And maybe all those people offering advice know something that could be helpful. Experts say, though, that many, many times the advisors simply have a need to have their own parenting style affirmed.
"I give advice on all aspects of infant feeding, including on how to react to unneeded advice," says Bridget Swinney, a registered dietician and author of Baby Bites, Eating Expectantly, and Health Food for Healthy Kids. "Some of the backhanded criticism I've noticed are comments like, 'You're not giving him cereal yet?' Or, 'Breastfeeding seems like so much trouble -- why don't you just give him a bottle instead?' Or 'I'm sure it won't hurt to give him just a little (fill in the blank).'"
Baby Advice Etiquette
So what's the most gracious, intelligent way to deal with the barrage of baby advice?
Many parents say they just smile and tell the adviser that they'll "think about it" or something similar to that.
"In the end," Hallac tells WebMD, "we figured out two responses that seemed to fit our every need. The first was, 'We will check with his doctor,' because no one questions the doctor; and the second was 'Great! Thanks!' and then we just went ahead and ignored it."
Here are four other options:
- Thanks! We'll consider that.
- Thanks! We appreciate your care and concern about our baby.
- Thanks! We know that advice was hard earned through the years.
- Thanks! Um, that certainly is some advice! (This requires a bright smile so they don't catch your sarcasm.)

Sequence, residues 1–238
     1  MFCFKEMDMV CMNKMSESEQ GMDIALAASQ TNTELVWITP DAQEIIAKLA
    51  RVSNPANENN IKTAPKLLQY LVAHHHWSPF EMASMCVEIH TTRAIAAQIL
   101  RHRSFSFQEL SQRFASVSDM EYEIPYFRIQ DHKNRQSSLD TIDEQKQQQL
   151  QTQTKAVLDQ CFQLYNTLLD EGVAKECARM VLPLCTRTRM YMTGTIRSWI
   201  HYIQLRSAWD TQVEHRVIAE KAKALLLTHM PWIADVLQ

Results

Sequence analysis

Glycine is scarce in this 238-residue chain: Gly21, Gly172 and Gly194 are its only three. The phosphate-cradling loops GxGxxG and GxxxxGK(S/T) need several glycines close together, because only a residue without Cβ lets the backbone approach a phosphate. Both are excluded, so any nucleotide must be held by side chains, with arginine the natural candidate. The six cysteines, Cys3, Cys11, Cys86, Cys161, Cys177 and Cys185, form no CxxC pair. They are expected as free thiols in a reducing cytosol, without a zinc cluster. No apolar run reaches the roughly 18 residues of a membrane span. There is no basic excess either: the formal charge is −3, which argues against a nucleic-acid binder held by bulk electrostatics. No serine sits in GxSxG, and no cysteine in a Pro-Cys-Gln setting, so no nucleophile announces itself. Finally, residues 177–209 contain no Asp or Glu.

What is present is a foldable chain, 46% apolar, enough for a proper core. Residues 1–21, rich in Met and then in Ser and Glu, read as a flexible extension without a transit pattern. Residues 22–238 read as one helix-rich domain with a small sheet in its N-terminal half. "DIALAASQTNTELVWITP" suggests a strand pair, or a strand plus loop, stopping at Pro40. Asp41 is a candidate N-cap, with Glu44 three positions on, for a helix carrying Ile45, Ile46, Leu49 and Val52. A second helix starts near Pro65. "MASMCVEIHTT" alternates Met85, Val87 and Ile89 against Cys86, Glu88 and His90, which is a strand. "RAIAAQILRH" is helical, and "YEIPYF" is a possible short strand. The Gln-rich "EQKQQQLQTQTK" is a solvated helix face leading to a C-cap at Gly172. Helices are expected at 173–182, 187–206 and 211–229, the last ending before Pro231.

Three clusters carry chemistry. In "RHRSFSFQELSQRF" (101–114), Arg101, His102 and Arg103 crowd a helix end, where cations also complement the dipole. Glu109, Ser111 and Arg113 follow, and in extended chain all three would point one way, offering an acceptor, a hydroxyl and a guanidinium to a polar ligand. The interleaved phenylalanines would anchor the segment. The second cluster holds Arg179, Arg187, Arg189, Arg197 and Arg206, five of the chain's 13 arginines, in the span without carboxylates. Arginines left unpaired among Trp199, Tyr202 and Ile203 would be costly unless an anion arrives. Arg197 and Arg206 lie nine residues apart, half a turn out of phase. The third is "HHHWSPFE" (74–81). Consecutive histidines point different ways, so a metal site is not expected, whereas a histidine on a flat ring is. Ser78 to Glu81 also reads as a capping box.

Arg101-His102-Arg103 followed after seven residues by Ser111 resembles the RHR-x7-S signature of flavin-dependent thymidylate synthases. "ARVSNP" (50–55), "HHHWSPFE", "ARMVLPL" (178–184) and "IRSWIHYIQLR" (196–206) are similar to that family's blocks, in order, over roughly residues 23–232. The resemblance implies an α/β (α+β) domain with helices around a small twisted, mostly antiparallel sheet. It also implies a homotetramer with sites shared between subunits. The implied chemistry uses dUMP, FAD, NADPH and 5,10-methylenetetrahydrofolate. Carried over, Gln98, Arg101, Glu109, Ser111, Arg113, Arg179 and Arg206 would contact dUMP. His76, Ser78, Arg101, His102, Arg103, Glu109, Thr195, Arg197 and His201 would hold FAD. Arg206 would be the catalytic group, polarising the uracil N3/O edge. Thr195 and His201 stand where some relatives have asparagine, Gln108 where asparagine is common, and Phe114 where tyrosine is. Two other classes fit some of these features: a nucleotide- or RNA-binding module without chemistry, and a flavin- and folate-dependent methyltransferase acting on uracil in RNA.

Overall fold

Doctors recommend that parents tempted to try out some advice make sure it makes sound medical sense -- especially since the advice from one, two, or three decades ago might have changed in light of new scientific data.
Examples of how things change, according to Thompson, include:
- Back is best: In 1992, the American Academy of Pediatrics introduced the "back to sleep" campaign, which recommends putting babies on their backs to sleep. This practice has resulted in a decline in the incidence of sudden infant death syndrome [SIDS].
- No juice in bottles: Drinking juice greatly increases the risk of dental decay and cavities; it's also a source of empty calories and could contribute to pediatric obesity.
- No water needed in addition to breast milk or formula: Babies receive adequate amounts of water from the breast milk and formula -- and providing water in place of feedings could cause an imbalance of water and salts, resulting in illness.
- CerealWhen? The American Academy of Pediatrics recommends starting solid foods at four to six months.
Here are two more examples of how things change, whether the advice giver knows or not. Railings in those quaint cribs you were advised to buy used are often spaced incorrectly. Remember, if you can fit a can of soda between the rails, the space is too wide. And older children still need to be in car booster seats depending on their height and weight -- regardless of the cool or convenience factor.
And of course, you need to trust your own judgment and keep your composure.
Bob Lancer is author of Raising Our Children Raising Ourselves and a radio talk show host in Atlanta. He tells WebMD, "There is just so much advice available -- and much of it contradictory - that you can lose your mind trying to get it right. The first rule to always follow," he says, "is the rule of your own equanimity."
Tarrant agrees. "I've learned that as a mom, you will instinctively know what your baby needs," she says. "So don't fret."